stuttering child

Steps To Help Your Stuttering Child

 

 

stuttering child

Many children who are young and just learning to talk can stutter quite frequently. Stuttering or stammering is quite normal, with roughly three million of Americans who stutter. Even though parents worry about this, most of these children will outgrow the stuttering and will talk normally as they get older. This is considered a normal stage of development and referred to as a normal dysfluency, or psuedostuttering.

In early stages of development, children talk and have a tenancy to repeat what they hear, sometimes stumbling or mispronouncing words. When children are learning to put words into sentences, stuttering is common. Boys are more likely to stutter than girls and this can happen anywhere from the age of 18 to 24 months and can go up to the age of 5. The children with a normal dysfluency, typically have a brief stage where they repeat certain sounds, short words or even syllables. If a child gets excited over something, is tired or overly stressed, you might notice them stuttering over their words.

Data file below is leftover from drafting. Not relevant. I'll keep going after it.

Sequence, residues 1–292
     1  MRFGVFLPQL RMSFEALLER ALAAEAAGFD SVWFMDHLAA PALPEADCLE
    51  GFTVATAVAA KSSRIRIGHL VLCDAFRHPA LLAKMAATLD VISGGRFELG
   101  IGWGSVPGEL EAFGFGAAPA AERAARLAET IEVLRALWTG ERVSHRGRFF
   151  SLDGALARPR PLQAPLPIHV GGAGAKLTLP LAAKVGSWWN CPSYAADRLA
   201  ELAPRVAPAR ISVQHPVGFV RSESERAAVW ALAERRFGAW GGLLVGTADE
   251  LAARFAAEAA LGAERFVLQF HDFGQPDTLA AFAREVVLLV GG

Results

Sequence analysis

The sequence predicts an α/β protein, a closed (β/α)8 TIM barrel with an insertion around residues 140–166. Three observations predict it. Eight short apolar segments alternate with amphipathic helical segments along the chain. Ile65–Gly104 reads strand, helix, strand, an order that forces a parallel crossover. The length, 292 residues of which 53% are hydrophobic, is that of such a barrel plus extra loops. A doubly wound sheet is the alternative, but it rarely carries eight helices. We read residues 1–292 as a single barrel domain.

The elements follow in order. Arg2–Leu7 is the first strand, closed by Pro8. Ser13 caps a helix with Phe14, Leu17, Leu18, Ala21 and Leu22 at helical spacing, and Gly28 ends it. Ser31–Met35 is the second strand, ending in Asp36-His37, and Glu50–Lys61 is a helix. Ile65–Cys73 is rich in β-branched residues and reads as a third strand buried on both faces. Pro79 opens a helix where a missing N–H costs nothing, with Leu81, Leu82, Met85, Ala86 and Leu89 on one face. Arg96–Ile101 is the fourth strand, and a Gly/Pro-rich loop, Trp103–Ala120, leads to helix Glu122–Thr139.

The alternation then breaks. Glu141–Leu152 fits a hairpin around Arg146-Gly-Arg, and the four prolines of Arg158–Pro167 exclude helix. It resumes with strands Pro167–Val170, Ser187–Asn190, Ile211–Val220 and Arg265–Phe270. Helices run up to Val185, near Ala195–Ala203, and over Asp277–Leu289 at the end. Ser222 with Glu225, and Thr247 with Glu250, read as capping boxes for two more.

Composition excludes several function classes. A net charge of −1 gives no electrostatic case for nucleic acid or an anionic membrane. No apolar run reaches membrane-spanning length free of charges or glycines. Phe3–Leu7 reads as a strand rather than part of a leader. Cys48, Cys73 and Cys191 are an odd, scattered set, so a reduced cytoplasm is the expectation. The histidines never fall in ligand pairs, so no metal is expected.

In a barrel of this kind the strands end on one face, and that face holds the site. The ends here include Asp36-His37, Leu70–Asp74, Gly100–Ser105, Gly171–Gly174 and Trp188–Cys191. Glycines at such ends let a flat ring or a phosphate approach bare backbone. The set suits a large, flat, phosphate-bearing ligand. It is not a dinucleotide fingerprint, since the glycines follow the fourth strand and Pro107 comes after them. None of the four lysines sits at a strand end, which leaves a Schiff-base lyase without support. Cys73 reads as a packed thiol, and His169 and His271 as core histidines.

The causes of stuttering aren’t exactly known, but some studies that have indicated it to be genetic, especially if a parent stuttered during their lifetime or stutters currently. Knowing the causes of why and when it happens will help a parent respond to their child and possibly prevent it from happening. If the stuttering continues longer than six months, this doesn’t always mean that it’s going to be a lifelong problem.

If your child is stuttering, its normal for them to become embarrassed and anxious. A parent should show a child a ton of support if the stuttering is bothering a child. Here are some steps you can take to help your child get through this.

  • Talk with your child slowly and be clear when you’re enunciating words. Give your child the time they need to finish what they’re trying to say.
  • Try to not correct or interrupt your child when they are talking. If a person interrupts a child who stutters, this prolongs their stuttering because they are more self-conscious.
  • Try and minimize stress around the house, which could be making their stuttering worse.
  • Don’t belittle your child and make them practice saying certain words they already know.
  • Talk with your child a lot during the day, letting them know what is going to happen and what they should expect.

What's your opinion?

Total 0

Leave a Reply